Unfortunately, this is NON-FREE software. If you are working for somebody who absolutely needs Windows software, then you might want to suggest this. Obviously, I never use Windows software, but some of the computer geeks that I play with need it.
Patching and recompiling the kernel
Getting this system to work is a bit of a pain. First, you will need to download some kernel patches and recompile your kernel. These can be obtained for free from the NeTraverse website. In my case, I am using a Debian 2.6.11 kernel. Assuming that you have the kernel source located in "/usr/src/kernel-source-2.6.11", you need to download the patches
into the "/usr/src/kernel-source-2.6.11" directory. From that directory, you can patch the kernel by running
patch -p1 < Kernel-Win4Lin3-18.104.22.168.patch
patch -p1 < mki-adapter26_1_3_12.patch
Although these patches are meant for stock kernels, it still seemed to work on the Debian kernel (2.6.11). (Update: after looking at a plain vanilla kernel, it seems that these patches are ALREADY put into the stock kernel. So you will only need to patch the kernel if you are using a Debian kernel - I have no idea why they bothered to actually TAKE OUT Win4Lin).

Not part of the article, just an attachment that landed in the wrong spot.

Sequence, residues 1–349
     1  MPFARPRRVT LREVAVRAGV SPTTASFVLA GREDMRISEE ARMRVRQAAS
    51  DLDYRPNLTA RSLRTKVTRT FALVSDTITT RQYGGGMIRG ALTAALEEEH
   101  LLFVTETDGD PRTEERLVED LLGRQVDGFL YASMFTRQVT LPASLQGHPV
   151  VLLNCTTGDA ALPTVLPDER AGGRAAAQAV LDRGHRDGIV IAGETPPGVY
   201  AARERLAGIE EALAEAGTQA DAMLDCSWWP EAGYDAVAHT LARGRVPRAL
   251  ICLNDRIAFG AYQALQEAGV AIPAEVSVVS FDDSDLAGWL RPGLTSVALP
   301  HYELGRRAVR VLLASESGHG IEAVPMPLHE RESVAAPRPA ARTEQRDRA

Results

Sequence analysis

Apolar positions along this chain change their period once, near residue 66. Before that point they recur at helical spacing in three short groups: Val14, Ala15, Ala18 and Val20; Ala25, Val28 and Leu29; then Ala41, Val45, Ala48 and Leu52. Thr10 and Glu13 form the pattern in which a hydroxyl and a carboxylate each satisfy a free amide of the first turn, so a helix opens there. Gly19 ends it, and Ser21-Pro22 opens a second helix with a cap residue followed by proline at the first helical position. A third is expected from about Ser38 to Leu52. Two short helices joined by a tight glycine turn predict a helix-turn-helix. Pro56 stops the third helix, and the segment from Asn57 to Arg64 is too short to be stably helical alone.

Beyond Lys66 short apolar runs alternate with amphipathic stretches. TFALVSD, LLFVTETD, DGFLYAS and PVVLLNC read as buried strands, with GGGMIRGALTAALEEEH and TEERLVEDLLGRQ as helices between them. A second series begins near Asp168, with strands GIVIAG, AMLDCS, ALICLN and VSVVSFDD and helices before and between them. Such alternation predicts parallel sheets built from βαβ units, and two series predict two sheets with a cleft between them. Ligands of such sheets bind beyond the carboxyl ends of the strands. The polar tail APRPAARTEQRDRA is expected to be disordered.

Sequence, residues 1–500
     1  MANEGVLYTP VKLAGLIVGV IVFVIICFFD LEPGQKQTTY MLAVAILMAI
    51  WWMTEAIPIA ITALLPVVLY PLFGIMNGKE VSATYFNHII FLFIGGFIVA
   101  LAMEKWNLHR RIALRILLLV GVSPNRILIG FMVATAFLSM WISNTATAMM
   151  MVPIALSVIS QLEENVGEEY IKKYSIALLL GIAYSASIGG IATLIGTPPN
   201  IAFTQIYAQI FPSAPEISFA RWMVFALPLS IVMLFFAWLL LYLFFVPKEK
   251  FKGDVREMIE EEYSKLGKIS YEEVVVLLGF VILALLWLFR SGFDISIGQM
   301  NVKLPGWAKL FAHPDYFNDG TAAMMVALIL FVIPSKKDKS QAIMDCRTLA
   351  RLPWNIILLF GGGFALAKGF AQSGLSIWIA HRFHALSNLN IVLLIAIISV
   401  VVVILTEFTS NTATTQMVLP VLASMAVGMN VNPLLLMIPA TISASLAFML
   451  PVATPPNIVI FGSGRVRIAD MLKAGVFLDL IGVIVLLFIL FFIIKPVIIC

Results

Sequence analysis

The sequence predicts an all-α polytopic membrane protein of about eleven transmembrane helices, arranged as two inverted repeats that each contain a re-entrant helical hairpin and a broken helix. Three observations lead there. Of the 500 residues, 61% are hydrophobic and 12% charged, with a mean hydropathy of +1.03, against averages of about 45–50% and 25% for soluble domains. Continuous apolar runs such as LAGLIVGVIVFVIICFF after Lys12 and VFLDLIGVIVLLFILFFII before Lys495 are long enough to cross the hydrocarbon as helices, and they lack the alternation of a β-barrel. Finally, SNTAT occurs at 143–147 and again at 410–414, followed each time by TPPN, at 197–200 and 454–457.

Double update March 2006: it seems that the stock vanilla kernels have removed the Win4Lin patches, too (at least for kernel 22.214.171.124 - and probably earlier). So now you MUST apply the patches as above, but you'll run into a couple of problems. If you are using gcc 4 then your kernel WON'T compile. The problem is in the "mki-adapter" patch file. In there you should replace any of the assembly language commands "movl" with "movw" - see this forum for further discussion.
Furthermore, I can report that I have successfully compiled the patch intended for kernel 126.96.36.199 on kernel 188.8.131.52, but ONLY AFTER I fixed the patches as outlined in this forum, although you should read further in there because I haven't actually seen if it WORKS (I merely compiled and run the kernel - I haven't worked with Win4Lin on it)!!!
Next, you will need to configure your kernel and recompile it. You should use the Debian method, in which case you will need to have the packages "kernel-package" and "libnurses5-dev" installed (the latter package is so that you can configure the kernel using the ncurses method. There ARE other methods). To configure the kernel (using ncurses), type
Take some time and make sure that your kernel is configured properly. This is rather detailed, so you will have to look elsewhere for hints. The important option now is "Enable Win4Lin" - make sure that you do enable it.